Update on Phase 3 Clinical Trial of M-001
BiondVax Pharmaceuticals Ltd. (NASDAQ:BVXV) is a biopharmaceutical company developing a universal influenza vaccine (M-001) designed to protect individuals from all strains of influenza. The company’s strategy for commercializing M-001 involves testing it in a pivotal Phase 3 program as a standalone influenza vaccine to assess its clinical efficacy. The first Phase 3 trial is being conducted in Europe following feedback about the trial design and approval to initiate it from the European Medicines Agency (EMA). The EMA also stated that “a single pivotal efficacy trial that provides a robust demonstration of efficacy against laboratory-proven influenza like illness (ILI) could suffice for an approval”.
The company completed enrollment for the first season of the Phase 3 clinical trial in October 2018. A total of 4,094 participants were randomized 1:1 to receive either M-001 or placebo. The trial protocol includes options for flexible enrollment, in part to account for the chance of a particularly strong or weak flu season in the trial’s first year. The initial plan was to monitor Cohort One individuals for two influenza seasons in the hope that there would be enough flu cases to show sufficiently strong statistical significance to claim that one injection of M-001 protects for two influenza seasons. Since the 2018/19 flu season appears to have been relatively weak, thereby reducing the likelihood of attaining sufficient flu cases to achieve statistical significance for showing two-year coverage, the company has decided to follow Cohort One participants through Season One, and divert the remaining resources towards recruiting additional Cohort Two participants. Thus, the second cohort of participants will involve more than 6,000 individuals to ensure the study is properly powered. This will be accomplished by increasing the number of countries (from four to seven) and clinical sites (from 54 to ~85) participating in the trial. An overview of the trial is below.
Topline results will be available in the second half of 2020, at which time the company will have data on >10,000 individuals to determine if M-001 is effective in reducing influenza illness against all naturally encountered influenza strains for one influenza season. We anticipate that additional trials aimed at extending the indication to more than one year are likely once M-001 reaches the market.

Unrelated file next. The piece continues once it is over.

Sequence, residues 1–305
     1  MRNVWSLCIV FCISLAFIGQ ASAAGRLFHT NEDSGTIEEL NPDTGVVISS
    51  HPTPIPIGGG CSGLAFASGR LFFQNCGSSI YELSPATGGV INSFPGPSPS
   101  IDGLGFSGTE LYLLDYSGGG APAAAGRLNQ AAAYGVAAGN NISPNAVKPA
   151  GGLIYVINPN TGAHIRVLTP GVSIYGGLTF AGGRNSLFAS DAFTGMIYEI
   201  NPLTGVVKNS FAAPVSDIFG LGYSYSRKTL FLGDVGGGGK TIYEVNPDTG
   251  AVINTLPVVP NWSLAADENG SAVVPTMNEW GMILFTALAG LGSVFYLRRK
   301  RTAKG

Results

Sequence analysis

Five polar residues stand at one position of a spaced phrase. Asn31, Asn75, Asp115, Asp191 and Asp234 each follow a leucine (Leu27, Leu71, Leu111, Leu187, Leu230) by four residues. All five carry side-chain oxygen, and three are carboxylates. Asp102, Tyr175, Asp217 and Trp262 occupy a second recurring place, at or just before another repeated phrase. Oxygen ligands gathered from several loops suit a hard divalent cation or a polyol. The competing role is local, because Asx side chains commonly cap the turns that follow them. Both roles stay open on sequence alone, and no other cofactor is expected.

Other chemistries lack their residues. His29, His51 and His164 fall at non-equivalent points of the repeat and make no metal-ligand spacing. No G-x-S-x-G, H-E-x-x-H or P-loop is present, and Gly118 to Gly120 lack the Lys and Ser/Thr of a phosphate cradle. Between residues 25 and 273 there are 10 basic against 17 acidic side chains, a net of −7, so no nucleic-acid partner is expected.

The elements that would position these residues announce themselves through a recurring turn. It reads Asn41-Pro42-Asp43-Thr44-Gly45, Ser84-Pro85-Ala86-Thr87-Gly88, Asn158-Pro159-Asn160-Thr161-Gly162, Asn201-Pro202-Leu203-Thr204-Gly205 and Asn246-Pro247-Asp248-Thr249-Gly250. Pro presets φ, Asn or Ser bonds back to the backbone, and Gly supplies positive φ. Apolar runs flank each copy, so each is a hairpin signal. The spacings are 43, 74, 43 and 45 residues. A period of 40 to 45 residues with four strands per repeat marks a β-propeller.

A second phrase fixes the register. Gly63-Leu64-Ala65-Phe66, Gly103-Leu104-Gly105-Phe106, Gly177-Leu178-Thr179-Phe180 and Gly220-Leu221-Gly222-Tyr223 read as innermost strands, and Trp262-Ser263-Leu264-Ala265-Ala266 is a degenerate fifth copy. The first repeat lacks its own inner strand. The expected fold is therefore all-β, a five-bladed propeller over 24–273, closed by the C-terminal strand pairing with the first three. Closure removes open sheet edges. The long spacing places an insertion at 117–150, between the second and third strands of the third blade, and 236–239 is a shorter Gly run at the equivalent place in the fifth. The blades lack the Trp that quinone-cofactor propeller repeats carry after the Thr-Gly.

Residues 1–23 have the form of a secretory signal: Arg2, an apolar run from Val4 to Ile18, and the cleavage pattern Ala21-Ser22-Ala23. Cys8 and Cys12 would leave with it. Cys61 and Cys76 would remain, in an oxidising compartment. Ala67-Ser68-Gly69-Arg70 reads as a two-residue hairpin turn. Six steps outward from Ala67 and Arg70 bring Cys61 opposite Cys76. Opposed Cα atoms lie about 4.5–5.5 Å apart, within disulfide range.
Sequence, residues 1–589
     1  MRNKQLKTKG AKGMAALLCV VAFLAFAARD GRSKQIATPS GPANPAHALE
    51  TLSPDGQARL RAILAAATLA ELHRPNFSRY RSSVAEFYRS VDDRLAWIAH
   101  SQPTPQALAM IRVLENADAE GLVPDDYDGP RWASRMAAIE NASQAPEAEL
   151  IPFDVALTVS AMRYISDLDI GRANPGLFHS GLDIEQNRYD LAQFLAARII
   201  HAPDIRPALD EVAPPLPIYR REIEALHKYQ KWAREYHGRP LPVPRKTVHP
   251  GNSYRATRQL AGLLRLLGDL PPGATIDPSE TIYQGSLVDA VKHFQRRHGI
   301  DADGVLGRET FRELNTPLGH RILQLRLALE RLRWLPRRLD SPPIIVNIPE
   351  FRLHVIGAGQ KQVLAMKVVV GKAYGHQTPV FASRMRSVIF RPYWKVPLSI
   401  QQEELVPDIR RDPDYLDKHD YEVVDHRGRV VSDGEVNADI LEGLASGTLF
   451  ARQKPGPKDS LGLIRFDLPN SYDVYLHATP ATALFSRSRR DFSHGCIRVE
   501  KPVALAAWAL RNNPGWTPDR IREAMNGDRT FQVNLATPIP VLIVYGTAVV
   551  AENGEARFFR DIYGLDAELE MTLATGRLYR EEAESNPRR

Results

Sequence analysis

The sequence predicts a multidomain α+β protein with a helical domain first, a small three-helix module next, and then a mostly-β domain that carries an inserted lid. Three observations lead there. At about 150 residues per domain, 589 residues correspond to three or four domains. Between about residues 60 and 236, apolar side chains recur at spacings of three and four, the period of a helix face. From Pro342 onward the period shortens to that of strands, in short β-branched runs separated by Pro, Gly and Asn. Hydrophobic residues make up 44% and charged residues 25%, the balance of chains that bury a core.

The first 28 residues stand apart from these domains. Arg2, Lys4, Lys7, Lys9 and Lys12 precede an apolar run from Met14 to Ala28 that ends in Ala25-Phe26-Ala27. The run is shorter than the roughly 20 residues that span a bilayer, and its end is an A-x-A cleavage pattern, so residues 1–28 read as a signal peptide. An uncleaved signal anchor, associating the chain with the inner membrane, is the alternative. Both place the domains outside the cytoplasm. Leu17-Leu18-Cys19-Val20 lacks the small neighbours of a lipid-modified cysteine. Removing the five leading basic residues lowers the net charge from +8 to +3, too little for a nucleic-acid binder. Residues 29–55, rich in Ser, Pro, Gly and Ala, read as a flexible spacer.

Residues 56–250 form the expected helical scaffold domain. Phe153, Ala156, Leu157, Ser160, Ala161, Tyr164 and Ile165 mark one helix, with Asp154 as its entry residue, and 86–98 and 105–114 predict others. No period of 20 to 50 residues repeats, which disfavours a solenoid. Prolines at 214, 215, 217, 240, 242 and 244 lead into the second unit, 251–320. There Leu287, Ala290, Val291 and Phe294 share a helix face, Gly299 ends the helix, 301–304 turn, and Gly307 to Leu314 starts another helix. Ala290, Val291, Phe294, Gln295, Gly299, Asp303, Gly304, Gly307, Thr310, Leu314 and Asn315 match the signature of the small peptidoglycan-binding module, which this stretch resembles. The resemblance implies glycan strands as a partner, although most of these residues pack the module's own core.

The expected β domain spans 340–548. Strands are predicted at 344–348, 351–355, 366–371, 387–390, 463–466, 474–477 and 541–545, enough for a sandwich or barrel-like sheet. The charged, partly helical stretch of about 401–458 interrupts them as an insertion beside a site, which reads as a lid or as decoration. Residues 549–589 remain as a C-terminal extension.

Phase 2 Study Fully Enrolled
On Mar. 21, 2019, BiondVax announced that the last participant has completed their final visit in a Phase 2 clinical trial of M-001 being conducted by the Vaccine Treatment and Evaluation Units, which is being sponsored by the National Institute of Allergy and Infectious Diseases (NIAID), a part of the National Institutes of Health (NIH). The trial enrolled 120 participants between the ages of 18-49 at three centers in the U.S. Each participant received two doses of M-001 in the Spring and then a dose of the seasonal quadrivalent influenza vaccine in the Fall. The primary objectives of the trial are to assess the safety of M-001 and the T cell responses to M-001 component peptides. Secondary objectives of the trial include assessing serum antibody responses to the seasonal influenza vaccine target viruses. We anticipate data from the study at the end of 2019.
Background on M-001
BiondVax is developing the M-001 vaccine, a synthetic peptide-based protein that targets both existing and future seasonal and pandemic strains of the influenza virus. The vaccine targets conserved regions of Type A and B influenza viruses such that M-001 could be considered a “universal” influenza vaccine, capable of offering immunological protection against all strains of the influenza virus.